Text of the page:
“The report found: For 72% of inappropriate claims, DME suppliers failed to correctly code the SNF as a facility. Instead, they coded the place of service as the beneficiary’s home, thus enabling the claims to bypass the edit that rejects separate payment for most DME provided at facilities. By definition, SNFs provide primarily skilled care and thus cannot be considered beneficiary homes.”
“Another data point shows just how greatly Medicare’s importance as a revenue driver for HME has dropped. In addition to Medicare’s 16 percent share, Medicaid accounted for 15 percent of HME spending, and all other sources, such as private payer and retail sales, represented 68 percent of HME spending.”
“According to research AAHomecare had been performing using Medicare data, the number of traditional suppliers of home medical equipment to Medicare beneficiaries has dropped 40.9 percent since July 2013. In addition, the number of unique locations (commonly referred to as rooftops) serving Medicare beneficiaries has declined by 38.7 percent during the same period.”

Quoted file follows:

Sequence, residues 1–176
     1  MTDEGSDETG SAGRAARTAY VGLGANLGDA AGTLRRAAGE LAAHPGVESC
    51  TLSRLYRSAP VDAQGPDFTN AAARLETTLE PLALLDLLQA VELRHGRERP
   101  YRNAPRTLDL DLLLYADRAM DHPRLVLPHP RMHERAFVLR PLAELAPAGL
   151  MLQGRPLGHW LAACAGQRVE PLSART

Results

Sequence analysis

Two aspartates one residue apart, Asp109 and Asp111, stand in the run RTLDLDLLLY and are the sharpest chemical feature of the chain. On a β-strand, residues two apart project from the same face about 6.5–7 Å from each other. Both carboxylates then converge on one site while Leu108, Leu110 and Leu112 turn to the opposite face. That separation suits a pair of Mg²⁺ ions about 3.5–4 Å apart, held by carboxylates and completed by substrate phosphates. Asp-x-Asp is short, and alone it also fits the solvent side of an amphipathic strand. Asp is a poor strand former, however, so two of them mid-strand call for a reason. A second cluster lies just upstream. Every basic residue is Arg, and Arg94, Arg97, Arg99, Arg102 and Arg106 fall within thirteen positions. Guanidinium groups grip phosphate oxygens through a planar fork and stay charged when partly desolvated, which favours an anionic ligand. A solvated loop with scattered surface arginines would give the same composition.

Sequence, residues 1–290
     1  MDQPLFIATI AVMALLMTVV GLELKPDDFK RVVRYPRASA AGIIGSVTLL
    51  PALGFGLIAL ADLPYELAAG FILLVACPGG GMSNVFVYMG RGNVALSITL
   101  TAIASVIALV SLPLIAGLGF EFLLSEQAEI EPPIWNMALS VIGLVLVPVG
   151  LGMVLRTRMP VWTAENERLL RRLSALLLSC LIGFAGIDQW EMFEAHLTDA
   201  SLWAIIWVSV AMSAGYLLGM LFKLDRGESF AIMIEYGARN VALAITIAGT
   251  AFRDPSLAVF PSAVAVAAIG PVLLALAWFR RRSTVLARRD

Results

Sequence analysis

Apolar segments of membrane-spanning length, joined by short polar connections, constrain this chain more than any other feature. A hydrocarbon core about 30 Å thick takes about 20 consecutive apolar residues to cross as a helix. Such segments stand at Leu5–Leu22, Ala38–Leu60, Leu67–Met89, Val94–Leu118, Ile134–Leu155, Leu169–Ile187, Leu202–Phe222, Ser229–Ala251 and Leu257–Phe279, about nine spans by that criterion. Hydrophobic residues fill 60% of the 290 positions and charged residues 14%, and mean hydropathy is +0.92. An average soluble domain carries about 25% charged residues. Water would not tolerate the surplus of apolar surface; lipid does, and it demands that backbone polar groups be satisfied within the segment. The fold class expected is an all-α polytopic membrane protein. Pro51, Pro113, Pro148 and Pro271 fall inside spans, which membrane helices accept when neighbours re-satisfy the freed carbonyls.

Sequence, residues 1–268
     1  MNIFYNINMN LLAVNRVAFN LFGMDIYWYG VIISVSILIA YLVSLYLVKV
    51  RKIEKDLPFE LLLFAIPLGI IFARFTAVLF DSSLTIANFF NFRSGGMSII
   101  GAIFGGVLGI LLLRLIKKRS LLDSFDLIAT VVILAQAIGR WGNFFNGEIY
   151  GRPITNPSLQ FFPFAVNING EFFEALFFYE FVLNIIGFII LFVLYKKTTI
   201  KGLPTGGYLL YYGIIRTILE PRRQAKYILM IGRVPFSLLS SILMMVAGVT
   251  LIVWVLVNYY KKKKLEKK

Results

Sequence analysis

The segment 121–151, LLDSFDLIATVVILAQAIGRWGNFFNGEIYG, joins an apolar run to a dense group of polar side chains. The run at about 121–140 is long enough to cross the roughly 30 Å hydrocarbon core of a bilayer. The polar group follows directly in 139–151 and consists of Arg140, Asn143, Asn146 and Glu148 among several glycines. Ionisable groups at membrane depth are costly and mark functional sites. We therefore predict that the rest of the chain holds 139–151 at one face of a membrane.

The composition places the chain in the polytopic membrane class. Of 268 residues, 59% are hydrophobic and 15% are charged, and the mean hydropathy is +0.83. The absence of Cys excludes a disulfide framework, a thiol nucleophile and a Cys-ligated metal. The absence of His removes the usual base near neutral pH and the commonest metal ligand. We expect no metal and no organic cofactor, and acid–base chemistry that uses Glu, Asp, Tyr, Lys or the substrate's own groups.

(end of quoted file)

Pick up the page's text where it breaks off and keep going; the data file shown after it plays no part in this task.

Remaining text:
“A successful marketing plan is based on what you did in 2016—what worked and what didn’t—and what you want to make sure you do again. If you don’t think about each of these items, you may be doomed for failure—you don’t want to be responsible for helping your competition have their best year in 2017. Plan now, and make the success all yours!”
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“One of the major changes in the medical device sector is the continuously growing emphasis on home health care through wearable device and remote monitoring devices. Technology now allows patients a much more flexible approach to therapy, one that does not diminish their life styles as previously. A recent research report by Meticulous Research estimates that the global home medical devices market is expected to reach $48.47 billion by 2022 with a CAGR of 7.8% over the period of 2016 to 2022.”
“Medicare reimbursement rates for home medical equipment cover just 88 percent of overall costs for companies providing this service, raising concerns about the future viability of the home medical equipment industry under the current Medicare model, according to an American Association for Homecare study.
The report’s conclusions show the current Medicare competitive bidding program for home medical equipment is producing financially unsustainable rates, and faults the program for its lack of transparency.”